This last month I received a request from the National Archives Foundation asking me to write down some experiences from my tour of duty in Vietnam combat. Apparently, this is a national effort to gather the stories before they are lost in a disappearing generation. I have dozens of memoirs from my tour of duty, but here I’ve chosen to recall these two, because they describe how fragile life can be.
I served on the front lines of combat in Viet Nam and, in retrospect; Christmas Eve 1970 was the most formative and life-challenging month of my life. It was the first day of the so-called “Christmas truce.”
U.S. soldiers in field operations hated the Christmas Cease Fire truce that was about to start on December 24th at 10pm and go through New Year’s Day. The Christmas truce concept during war, dating from WWI, was created by Christian countries without considering that it made no sense to the non-Christian enemy we were fighting in 1965-1973. The truce was negotiated that both sides would stop all maneuvers and shooting at each other for six days. The U.S. politicians thought is was a great symbolic idea, but the enemy thought of it as an opportunity with one-sided rules of engagement intentions.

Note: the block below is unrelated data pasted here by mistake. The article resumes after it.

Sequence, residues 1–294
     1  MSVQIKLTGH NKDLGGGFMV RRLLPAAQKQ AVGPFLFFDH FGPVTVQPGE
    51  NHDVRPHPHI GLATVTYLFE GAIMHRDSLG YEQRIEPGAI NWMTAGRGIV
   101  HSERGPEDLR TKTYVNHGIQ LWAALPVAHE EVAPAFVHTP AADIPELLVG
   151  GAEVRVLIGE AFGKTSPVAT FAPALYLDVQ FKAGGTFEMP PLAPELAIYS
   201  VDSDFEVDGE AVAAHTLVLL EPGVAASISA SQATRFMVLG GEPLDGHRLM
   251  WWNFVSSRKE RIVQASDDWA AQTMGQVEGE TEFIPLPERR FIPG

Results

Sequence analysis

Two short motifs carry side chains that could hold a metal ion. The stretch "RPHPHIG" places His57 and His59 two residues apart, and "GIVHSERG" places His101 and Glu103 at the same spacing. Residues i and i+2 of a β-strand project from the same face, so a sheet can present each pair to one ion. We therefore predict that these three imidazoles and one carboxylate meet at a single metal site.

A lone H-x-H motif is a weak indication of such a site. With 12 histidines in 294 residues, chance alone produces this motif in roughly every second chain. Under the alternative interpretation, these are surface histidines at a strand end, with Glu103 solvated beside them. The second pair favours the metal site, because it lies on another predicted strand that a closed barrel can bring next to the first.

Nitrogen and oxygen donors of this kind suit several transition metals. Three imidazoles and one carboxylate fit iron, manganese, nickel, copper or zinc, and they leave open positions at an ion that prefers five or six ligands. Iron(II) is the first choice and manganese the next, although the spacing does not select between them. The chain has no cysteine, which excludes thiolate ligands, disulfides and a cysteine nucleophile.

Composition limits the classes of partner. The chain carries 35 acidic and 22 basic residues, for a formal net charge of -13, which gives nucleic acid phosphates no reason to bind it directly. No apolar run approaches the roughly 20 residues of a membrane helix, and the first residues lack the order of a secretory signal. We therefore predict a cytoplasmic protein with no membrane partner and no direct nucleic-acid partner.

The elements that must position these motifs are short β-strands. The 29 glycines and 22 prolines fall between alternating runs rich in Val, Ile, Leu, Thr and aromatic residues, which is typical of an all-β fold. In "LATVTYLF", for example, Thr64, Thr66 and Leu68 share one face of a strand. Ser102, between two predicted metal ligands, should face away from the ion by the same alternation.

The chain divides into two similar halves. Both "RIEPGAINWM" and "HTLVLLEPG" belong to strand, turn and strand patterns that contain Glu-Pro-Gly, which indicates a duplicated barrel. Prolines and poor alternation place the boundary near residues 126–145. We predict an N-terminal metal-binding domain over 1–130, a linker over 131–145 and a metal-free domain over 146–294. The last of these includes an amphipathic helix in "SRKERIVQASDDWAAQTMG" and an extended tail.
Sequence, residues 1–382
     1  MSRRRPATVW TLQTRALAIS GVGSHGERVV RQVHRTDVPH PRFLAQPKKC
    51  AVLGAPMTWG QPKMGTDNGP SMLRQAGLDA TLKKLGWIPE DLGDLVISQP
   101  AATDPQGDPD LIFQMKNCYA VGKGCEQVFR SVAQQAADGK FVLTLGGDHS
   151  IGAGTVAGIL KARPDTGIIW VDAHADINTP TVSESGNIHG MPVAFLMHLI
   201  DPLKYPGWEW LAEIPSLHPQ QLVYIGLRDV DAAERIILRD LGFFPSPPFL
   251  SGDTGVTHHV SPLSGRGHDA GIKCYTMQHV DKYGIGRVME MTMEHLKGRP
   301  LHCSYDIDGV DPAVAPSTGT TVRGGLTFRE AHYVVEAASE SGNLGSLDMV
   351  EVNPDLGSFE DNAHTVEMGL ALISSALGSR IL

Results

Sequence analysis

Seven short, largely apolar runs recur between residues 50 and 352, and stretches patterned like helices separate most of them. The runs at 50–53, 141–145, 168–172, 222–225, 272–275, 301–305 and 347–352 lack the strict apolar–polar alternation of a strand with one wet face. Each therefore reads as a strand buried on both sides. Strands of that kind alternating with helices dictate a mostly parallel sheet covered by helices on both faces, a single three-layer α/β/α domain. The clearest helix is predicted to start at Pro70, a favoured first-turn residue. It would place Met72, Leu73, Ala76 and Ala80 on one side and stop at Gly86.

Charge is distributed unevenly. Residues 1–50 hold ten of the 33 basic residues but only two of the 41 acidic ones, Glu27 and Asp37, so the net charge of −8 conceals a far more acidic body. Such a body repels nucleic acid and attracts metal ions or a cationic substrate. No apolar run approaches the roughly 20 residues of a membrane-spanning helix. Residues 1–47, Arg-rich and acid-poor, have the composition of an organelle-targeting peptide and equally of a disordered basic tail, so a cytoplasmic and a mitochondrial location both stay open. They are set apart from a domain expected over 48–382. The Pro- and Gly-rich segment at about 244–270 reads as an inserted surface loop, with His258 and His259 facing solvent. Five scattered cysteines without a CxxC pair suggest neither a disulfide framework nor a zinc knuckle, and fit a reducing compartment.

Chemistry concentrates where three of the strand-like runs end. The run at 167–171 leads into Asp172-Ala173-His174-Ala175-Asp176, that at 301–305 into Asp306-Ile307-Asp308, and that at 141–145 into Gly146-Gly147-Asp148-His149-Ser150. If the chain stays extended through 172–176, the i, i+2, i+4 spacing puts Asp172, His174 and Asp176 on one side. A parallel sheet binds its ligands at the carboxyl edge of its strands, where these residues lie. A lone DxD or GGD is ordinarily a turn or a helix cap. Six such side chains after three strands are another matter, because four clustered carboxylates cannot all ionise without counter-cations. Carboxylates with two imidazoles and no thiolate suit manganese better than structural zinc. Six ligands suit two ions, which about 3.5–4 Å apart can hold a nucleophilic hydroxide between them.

Throughout the Viet Nam war, that “Christmas truce” ended up being a most harrowing week for our troops in the field of combat, and a chance for the enemy to take advantage of static U.S. field positions. In this war, the Americans owned the day with firepower and the Vietnamese owned the nights with surprise and ambush. Successful night ambushes from the enemy were set up by probes and exploration to understand weak spots in our defenses. That took […]